This is the first of two posts that examine this question. This post will look at it from the hitters' perspective. The second will then shift the focus to pitchers. To investigate whether or not late season play carries over into October I've taken wOBAs from the months of September and October from the regular season for the 2009 Yankees, 2008 Phillies and 2007 Red Sox. I then compare this to the wOBAs for those same teams' play in their respective postseasons. I've taken the last three World Series winners because they provide the largest sample of postseason data, and because it makes sense to look at winners. Their players played better. If October really does start everything over there will be no pattern carrying over from September in the regular season to the postseason.
Here's the data:
These data show several things. First, the 2009 Yankees played much better in September than the current vintage. Yankee fans knew that, but it's hard to ignore this when the data are right on the screen. Second, all of the World Series winners had three or four hitters heat up in October. Finally, the 2009 Yankees are a bit of an outlier when compared to the two champions that preceded them. They were much hotter to end the season, but that didn't transfer to the postseason as much as it did for the other teams. Aside from Derek Jeter, Hideki Matsui, and, of course, Alex Rodriguez, the Yankees mostly swung cold bats last October.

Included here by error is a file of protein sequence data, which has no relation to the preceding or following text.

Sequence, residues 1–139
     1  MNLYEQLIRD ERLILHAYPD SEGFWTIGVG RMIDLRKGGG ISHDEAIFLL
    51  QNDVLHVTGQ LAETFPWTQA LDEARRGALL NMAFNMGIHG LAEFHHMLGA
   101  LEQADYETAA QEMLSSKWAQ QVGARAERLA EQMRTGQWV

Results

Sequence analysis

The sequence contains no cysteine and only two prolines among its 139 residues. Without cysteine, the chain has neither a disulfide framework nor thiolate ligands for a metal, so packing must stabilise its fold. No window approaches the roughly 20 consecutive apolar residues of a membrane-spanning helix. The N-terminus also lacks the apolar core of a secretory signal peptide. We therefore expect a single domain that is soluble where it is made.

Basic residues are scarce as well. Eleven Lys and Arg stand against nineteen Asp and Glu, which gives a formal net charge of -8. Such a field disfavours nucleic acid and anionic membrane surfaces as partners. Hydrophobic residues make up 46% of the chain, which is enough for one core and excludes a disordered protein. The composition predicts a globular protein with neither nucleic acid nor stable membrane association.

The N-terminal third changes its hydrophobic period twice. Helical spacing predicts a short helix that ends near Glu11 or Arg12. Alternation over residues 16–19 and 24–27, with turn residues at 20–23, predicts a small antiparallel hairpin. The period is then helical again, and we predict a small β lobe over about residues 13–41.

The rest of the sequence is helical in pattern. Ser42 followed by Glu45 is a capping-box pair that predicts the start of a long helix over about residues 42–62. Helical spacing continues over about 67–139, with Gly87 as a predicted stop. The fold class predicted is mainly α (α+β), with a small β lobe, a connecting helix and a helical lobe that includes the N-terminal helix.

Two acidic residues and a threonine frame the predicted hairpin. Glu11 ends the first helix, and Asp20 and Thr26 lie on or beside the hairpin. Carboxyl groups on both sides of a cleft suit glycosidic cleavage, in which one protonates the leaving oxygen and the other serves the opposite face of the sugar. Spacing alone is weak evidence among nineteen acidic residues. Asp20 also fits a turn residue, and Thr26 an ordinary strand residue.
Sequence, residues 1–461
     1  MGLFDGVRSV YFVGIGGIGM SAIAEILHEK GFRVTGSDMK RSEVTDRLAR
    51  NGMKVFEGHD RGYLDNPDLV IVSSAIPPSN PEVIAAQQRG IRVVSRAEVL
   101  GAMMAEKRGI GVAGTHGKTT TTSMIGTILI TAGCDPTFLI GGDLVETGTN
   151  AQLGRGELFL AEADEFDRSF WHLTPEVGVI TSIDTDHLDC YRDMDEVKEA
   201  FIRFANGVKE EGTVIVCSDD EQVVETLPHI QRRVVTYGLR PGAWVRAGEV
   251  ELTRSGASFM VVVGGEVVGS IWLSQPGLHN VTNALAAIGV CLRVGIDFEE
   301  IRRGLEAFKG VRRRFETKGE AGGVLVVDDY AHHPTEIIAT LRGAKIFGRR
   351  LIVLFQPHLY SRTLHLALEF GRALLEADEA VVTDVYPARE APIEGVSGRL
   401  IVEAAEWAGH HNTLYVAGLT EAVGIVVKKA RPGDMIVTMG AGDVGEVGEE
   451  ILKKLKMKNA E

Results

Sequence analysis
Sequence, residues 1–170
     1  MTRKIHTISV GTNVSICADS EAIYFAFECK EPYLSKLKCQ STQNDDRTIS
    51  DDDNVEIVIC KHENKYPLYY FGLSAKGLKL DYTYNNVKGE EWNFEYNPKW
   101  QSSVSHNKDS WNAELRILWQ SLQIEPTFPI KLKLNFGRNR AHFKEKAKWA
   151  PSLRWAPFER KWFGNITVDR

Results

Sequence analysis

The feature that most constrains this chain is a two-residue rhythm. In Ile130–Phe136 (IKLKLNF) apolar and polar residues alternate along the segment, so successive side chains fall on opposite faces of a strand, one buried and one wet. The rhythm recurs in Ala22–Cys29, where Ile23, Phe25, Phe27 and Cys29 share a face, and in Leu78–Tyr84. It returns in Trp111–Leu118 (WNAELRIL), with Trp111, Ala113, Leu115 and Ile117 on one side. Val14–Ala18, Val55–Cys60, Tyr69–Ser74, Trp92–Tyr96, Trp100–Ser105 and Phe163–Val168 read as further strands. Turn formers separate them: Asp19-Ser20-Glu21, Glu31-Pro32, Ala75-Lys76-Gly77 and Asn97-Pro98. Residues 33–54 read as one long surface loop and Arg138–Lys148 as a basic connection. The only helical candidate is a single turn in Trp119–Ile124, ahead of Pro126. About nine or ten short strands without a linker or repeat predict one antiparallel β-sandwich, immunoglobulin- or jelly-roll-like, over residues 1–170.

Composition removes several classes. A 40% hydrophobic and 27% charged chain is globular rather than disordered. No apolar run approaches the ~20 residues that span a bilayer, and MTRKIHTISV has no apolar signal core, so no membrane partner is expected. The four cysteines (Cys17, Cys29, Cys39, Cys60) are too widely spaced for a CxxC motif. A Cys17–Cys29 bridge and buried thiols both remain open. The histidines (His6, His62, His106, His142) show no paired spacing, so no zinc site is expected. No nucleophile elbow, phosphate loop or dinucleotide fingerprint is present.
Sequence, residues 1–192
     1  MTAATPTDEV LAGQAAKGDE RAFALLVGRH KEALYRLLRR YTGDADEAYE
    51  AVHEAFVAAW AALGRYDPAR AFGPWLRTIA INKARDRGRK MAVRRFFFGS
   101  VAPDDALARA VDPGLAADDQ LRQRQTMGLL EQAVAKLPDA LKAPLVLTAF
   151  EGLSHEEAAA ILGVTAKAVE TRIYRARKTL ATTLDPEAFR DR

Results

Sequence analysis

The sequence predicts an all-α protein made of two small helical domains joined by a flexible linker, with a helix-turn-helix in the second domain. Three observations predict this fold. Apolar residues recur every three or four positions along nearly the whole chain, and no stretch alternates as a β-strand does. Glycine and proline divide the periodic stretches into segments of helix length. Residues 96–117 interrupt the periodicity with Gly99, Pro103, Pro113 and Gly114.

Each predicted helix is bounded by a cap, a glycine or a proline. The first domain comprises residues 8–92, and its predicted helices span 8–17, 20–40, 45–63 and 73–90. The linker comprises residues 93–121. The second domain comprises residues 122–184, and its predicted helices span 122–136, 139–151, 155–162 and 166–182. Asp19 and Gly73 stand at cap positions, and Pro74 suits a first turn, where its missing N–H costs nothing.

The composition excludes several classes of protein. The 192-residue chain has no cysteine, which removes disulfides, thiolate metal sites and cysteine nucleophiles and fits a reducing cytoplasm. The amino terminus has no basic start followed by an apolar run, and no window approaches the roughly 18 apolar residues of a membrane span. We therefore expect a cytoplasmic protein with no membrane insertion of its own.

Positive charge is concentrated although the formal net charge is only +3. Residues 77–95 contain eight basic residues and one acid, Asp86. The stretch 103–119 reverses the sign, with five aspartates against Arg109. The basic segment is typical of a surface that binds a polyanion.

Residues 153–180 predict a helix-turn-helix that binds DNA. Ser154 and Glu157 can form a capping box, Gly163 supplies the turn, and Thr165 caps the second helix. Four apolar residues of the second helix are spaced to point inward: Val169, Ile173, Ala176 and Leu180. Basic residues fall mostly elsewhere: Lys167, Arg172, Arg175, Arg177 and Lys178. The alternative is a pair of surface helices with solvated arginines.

The data also show that October may really be a reset button. Across the board, September performance doesn't appear to be a strong predictor of playoff performance, for any of the three teams studied here. The 2009 Yankees are actually the best example of this. Seven of the team's nine everyday players had wOBAs above .380 in September last season. Only three hitters managed to keep that performance up in the playoffs. But the example holds for the 2008 Phillies and 2007 Red Sox as well. On the Phillies, only the September performance of Greg Dobbs and Chase Utley was a predictor for October performance, and even then it was a stretch for Utley. On the Red Sox, only David Ortiz, Jacoby Ellsbury and Dustin Pedroia saw their performances continue into October. Otherwise, September wasn't a strong predictor of October for most players on all three teams.
This is a bit of a silver lining for the Yankees. The data don't suggest that the Yankees' recent atrocious play will carry over into October. Every silver lining has a cloud, however. In our case that cloud is the fact that the Yankees have been losing because of their pitching, not their hitting. As Friday's 10-8 loss to the Red Sox proves, the offense can only be as good as the pitching allows it to be. And the Yankee pitching has been bad. Tomorrow I'll take a look at whether or not the teams' pitching numbers in September were a portent for what happened in October.